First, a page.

Not every sitcom ends with their audience angrily Googling, “Is The Rock running for the President?” – and honestly it’s hard to say if you ever should

While the answer remains inconclusive, the question hovers over “Young Rock” like the spirit of the upcoming election. NBC’s new sitcom tells the life story of Dwayne Johnson and frames that story with a fictional 2032 President race in which Former wrestler, college football player, and action star received a party’s nomination for America’s highest office In an effort to connect with the voters and the people, Johnson gets real with reporters on the campaign and begins To tell stories from his childhood

Each story (or two) frames an episode that could focus on his youth in Hawaii when a 10-year-old Rock (played by Adrian Groulx) adored his pro-wrestler dad Rocky (Joseph Lee Anderson) and von his mom, an up and coming singer named Ata (Stacey Leilua) another could move on to high school when a teen rock (Bradley Constant) focused on looking good and having girls (while helping out at home) Even more stories come from college-aged rock (Uli Latukefu) working towards NFL fame at U (University of Miami)

Not everything in Johnson’s memories is 100 percent true (A quick Google search reveals that his family didn’t move to Hawaii until Dwayne graduated from high school) Still, there’s enough patina of truth for audiences to ” Young Rock ”can reasonably be read as a biography, especially when it specifically asks to be viewed as“ warts and everything ”of his life. In the first two episodes, Future Rock is interviewed by Randall Park (he plays a version of himself who retired from acting to do television journalism, though he still fondly reminds The Rock that he used to play, which is really, really great – more Randall Park, pretty much always) when rock his penchant for Mentioning shoplifting, Park pretends to have a bullet and the manager at Rock tries to step in to cut the interview off

But Johnson goes on and explains his motivations for stealing clothes and jewelry – mostly to keep up appearances – by flashing back to teen rock high school life. These are the moments when Young Rock feels most selfish; as if Johnson is taking a meta-step towards real forgiveness.He controls not only how his story is told (through the interview and the scripted show) but also how we should feel about his past misdeeds Now it should go without saying that petty theft and fighting in high school shouldn’t prevent anyone from holding higher office four decades later, and it’s even admirable to sift through the good and bad of your past to investigate the moral flaws in your character p>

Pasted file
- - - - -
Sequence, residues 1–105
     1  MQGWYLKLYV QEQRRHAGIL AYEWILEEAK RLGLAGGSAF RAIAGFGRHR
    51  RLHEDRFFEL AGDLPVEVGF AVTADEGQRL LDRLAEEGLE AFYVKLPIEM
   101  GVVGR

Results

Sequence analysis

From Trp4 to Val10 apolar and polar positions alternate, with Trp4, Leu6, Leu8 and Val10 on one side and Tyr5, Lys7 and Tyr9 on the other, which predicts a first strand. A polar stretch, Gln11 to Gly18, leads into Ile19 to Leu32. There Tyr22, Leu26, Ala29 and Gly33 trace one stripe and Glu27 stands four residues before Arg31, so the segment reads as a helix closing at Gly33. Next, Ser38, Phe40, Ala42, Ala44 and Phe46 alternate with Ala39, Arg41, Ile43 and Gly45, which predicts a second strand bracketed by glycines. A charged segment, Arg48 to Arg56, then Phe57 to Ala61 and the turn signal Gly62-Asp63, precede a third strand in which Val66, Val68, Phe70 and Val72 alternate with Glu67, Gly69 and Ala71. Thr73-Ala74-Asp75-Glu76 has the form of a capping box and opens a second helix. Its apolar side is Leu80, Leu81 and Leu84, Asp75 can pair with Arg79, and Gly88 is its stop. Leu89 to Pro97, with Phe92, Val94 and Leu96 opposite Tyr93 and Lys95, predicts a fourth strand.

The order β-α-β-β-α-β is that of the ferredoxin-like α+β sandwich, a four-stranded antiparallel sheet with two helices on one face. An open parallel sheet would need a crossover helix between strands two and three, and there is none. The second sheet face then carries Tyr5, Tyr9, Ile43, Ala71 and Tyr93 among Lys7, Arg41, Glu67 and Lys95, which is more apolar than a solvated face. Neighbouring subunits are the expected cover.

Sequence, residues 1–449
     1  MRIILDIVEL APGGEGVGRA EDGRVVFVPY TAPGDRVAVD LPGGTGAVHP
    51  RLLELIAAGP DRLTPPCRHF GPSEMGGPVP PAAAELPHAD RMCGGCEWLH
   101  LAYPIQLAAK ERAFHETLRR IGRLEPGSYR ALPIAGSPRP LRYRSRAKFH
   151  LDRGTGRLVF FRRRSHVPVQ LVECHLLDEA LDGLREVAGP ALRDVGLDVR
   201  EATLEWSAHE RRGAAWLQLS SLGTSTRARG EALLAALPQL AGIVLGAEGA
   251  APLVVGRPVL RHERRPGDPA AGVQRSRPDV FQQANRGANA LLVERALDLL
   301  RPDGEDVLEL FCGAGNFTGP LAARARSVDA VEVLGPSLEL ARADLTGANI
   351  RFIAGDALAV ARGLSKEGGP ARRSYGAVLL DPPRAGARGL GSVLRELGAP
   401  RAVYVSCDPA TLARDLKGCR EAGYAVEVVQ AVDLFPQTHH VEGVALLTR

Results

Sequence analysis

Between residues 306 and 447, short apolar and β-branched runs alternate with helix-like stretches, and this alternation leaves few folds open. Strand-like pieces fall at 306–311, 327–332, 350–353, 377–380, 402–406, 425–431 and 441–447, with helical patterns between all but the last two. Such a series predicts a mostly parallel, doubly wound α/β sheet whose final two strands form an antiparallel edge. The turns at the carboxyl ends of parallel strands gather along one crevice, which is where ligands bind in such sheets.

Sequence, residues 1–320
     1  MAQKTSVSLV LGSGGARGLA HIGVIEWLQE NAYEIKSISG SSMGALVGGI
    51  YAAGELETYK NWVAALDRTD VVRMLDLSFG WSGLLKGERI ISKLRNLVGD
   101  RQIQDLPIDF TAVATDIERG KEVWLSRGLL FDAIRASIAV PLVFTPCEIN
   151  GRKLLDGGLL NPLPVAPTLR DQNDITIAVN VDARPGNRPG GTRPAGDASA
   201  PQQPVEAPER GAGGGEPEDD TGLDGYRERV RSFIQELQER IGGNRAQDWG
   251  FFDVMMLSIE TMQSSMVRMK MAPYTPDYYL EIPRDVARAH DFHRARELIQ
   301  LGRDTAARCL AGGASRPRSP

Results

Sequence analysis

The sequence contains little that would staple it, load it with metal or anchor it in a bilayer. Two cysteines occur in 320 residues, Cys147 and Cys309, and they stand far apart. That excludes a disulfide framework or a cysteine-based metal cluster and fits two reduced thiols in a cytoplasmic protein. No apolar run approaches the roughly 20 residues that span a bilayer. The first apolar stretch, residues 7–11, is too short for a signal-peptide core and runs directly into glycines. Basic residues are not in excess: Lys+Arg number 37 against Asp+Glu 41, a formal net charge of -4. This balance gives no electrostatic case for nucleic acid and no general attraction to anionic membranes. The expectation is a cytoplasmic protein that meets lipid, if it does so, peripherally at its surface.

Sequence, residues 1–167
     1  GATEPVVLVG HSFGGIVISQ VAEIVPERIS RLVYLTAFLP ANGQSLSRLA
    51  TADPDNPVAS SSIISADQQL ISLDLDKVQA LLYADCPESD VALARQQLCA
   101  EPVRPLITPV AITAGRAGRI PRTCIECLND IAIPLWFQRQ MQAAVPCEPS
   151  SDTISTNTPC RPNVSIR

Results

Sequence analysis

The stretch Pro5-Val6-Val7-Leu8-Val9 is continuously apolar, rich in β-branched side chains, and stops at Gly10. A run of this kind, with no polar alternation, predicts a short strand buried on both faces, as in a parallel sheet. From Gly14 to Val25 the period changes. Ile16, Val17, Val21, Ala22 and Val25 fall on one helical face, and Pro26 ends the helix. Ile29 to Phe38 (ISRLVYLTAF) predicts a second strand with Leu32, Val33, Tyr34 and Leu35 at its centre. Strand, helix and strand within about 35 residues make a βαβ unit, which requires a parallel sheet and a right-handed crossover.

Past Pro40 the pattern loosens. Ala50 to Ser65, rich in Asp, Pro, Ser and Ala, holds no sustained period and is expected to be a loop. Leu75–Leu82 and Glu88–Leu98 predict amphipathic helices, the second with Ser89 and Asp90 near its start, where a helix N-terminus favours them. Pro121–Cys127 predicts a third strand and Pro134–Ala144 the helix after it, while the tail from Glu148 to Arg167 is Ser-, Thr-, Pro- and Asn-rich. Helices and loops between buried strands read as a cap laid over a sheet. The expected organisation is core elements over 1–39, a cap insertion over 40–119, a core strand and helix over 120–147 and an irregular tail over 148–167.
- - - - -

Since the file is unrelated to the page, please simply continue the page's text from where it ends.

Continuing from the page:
But the whole show is based on the idea that Dwayne Johnson should be president. In theory, we’re only investing in these confessors because we want to see if it helps him win the presidency. It wasn’t enough that people were curious What it was like for Johnson to grow up in a family of professional wrestlers, roam the country so much, or attend one of the most sought-after football schools in America – there had to be that extra political element attached to the show One that he has said in the past was a real option for him

You Should Know Where This Is Going Less than a month away from our reality TV president, it’s awkward to see another candidate being vetted for higher office over a Hollywood staging Too many family-friendly spins in the Young Rock’s past troubles seem to gloss over inappropriate behavior, harder edges, or more complicated scenarios if they could be written just like that, because broadcast TV is usually written that way. I wish “Young Rock” wouldn’t turn up as often as a campaign ad feel, but like a comedic review of an unusual childhood

OK, with that I can only say: This is very well staged. Many individual components in “Young Rock” should overturn the series, regardless of whether it is the four timelines, the annoying narrative or the forced framing device The Pilot Trying to introduce all four versions of The Rock is a bit of a mess, bogged down with the bloat that could easily have plagued any part of the show. Instead, showrunner and executive producer Nahnatchka Khan, the phenomenal writer of Fresh Off the Boat and reins “Always Be My Maybe”, the ambitious storylines put together, contains new topics and avoids all too obvious endings

The gracious cast is a huge help – and a significant accomplishment by casting directors Michael Nicolo, Anya Colloff, and Michelle Olivia Seamon.Every actor who plays Dwayne gives the role a charming twist, but is easy to distinguish as Young Rock , and the surrounding family members (especially the parents who are played by the charismatic Anderson and Leilua) bring life to ensemble scenes (The wrestling matches aren’t bad either!) Unfortunately, it’s also rare to see so many people of color on a television show can be seen, and “Young Rock” benefits from the carefully selected group, which is composed of different, lively personalities

After three episodes (the first two and the sixth), it’s impossible to say how well Young Rock comes together overall, but there’s enough promise to keep checking in – no matter what happens in 2032

Sign up: Stay up to date with the latest movie and TV news! Sign up for our e-mail newsletter here

This article pertains to: Television and tagged Dwayne Johnson, Nahnatchka Khan, NBC, TV Reviews, Young Rock

Young Rock

World News – USA – Young Rock Review: Dwayne Johnson’s NBC bio sitcom works better than it should